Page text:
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FCC plan would give Internet providers power to choose the sites customers see and use

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posted on Dec, 4 2017 @ 11:03 AM
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a reply to: imitator

Fact 1: "I need everyone to do two things: share the video and spam people daily!" "Slippery slope with comcast!" "They're going to turn internet into cable tv! Who needs evidence, it makes sense!" "The government will just call up their buddies and tell them to block sites! That's what happens when you get government out of regulating the internet!"

Ok, I'm stopping there because there's so much wrong with this video. This guy is an idiot. He ignores that there are three parties to each internet transaction: Consumer - ISP - Content provider. According to this idiot only the ISP has any power. Unfortunately for his argument, if comcast began blocking a site, said site could sue comcast for unfair trade practices. But let's say it's a small site that doesn't have the resources to sue. Have you ever heard of the FTC? That's why they exist.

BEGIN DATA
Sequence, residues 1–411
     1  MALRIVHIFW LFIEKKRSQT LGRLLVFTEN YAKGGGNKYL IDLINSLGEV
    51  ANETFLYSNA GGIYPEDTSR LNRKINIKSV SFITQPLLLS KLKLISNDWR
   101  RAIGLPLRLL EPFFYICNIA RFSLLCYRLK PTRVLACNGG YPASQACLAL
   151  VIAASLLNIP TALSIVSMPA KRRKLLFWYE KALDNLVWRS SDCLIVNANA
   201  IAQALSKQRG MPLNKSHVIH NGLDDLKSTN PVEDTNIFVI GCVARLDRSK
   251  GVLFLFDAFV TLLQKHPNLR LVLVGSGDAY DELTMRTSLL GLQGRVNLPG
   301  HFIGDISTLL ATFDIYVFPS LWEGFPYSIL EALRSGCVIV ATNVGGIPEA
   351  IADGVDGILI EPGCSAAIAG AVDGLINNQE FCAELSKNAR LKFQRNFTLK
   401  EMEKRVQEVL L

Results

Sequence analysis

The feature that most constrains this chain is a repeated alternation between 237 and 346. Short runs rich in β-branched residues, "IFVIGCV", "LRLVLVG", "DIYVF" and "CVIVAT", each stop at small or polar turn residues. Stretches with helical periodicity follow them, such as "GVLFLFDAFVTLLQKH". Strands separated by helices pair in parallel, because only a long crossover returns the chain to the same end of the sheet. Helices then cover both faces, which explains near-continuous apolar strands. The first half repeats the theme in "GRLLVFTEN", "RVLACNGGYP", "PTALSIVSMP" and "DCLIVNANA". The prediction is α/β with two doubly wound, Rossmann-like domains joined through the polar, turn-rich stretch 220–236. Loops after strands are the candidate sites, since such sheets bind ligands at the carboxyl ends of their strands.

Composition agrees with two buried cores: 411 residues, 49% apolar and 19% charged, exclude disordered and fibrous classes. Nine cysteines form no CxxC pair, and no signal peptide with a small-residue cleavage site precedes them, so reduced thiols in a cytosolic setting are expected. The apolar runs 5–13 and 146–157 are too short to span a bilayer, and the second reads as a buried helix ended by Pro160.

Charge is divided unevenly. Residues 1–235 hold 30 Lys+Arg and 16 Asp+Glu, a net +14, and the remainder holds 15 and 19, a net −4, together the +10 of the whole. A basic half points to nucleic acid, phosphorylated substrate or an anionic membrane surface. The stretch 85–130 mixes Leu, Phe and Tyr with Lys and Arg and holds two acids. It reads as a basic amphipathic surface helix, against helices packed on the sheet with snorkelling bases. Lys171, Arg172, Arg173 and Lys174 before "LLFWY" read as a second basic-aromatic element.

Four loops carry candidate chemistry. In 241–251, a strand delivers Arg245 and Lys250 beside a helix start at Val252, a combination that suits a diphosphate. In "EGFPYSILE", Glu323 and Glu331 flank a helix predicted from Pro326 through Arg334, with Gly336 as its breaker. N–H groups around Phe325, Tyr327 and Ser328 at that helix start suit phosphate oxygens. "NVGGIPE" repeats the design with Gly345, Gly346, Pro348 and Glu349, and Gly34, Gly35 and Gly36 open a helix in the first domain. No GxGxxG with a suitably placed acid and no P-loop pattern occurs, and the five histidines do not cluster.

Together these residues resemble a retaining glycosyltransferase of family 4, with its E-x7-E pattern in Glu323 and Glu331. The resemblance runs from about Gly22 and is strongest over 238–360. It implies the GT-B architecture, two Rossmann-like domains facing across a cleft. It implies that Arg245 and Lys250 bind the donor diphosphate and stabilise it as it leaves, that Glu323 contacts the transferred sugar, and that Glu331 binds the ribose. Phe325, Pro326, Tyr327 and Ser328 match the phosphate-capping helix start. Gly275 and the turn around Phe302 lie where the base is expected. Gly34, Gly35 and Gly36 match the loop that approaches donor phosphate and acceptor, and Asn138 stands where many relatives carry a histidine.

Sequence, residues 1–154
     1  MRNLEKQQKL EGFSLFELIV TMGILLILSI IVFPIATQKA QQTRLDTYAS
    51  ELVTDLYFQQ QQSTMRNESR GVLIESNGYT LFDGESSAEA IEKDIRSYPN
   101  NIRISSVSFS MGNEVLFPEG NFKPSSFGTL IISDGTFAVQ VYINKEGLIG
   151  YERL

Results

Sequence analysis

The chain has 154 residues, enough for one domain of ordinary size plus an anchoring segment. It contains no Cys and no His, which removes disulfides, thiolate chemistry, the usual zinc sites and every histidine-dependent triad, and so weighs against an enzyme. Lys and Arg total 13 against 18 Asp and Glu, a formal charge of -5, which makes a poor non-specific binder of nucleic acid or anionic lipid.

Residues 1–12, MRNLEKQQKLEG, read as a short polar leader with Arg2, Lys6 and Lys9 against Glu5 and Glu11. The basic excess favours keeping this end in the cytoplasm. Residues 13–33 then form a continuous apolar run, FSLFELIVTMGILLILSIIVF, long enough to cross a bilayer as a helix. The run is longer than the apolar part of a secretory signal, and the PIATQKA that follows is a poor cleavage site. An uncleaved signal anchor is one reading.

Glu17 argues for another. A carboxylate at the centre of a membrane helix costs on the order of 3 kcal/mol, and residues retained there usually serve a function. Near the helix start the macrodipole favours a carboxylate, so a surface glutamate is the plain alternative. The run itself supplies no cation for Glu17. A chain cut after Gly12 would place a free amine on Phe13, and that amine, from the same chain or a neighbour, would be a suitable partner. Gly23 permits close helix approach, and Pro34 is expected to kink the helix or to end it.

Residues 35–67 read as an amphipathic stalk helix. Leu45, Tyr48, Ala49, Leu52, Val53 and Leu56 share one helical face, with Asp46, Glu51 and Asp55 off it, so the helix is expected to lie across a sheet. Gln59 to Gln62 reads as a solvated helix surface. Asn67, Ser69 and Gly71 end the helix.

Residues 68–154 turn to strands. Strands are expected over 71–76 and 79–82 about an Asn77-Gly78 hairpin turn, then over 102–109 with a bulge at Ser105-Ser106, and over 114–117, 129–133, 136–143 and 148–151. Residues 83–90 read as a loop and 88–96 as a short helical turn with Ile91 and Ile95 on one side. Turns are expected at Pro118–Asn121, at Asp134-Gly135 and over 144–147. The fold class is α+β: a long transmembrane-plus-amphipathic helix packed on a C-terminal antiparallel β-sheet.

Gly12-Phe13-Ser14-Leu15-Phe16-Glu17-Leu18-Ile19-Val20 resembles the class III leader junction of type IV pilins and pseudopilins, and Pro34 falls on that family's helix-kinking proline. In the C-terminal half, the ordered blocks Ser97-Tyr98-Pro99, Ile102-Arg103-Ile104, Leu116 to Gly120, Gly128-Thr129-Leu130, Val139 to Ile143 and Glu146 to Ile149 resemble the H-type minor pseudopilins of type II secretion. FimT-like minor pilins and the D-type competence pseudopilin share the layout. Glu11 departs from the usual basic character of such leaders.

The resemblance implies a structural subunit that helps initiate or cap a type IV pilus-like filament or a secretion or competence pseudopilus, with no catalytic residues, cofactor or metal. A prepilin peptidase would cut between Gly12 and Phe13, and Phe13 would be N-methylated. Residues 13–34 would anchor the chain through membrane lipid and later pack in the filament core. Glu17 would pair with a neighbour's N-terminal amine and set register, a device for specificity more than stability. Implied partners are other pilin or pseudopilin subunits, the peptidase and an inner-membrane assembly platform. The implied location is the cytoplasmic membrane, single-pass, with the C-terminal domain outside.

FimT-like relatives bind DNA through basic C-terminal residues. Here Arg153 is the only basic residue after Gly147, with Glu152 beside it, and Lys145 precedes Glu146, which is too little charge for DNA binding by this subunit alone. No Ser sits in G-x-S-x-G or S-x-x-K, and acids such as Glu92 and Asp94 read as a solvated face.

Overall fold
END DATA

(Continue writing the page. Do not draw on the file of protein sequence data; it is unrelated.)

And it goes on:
Second, cable is an FCC title 2 utility. So labeling ISP's as such, will not stop them from making the internet into a cable package type of service.

Third, his slippery slope argument is completely defeated by the FTC AND the FCC's statements on the issues. Saying we can't trust what they do or say isn't a good argument for why they should control the internet.

Fact 2: "Comcast is evil corporate fascism!" "TV packages" "Censorship."

See my previous response. Is the third video going to be another ill informed talking head? Yep. Plus, if comcast did what he suggests to the humanist report, they'd be sued into oblivion by the FTC and killed by antitrust lawsuits.

Fact 3: That's not even a statement based in reality. The FCC getting rid of title 2 does not give the FCC the ability to prioritize information.
edit on 4-12-2017 by Dfairlite because: (no reason given)




posted on Dec, 4 2017 @ 11:58 AM
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a reply to: Dfairlite


Have you ever heard of the FTC? That's why they exist.


I knew it, you didn't watch the video!

Fast forward to 9:30 about the FTC.

Just like the FCC, the FTC is into fixing and regulating special privileges. Plus the FTC could careless about the small guy, they would be filed away in pile of other complaints. A private attorney would be the only hope to protect a small site; which would cost lots of money.

You didn't watch the video, it pretty much defeats everything you said.

Maybe if you watch the video you wouldn't be spouting off nonsense.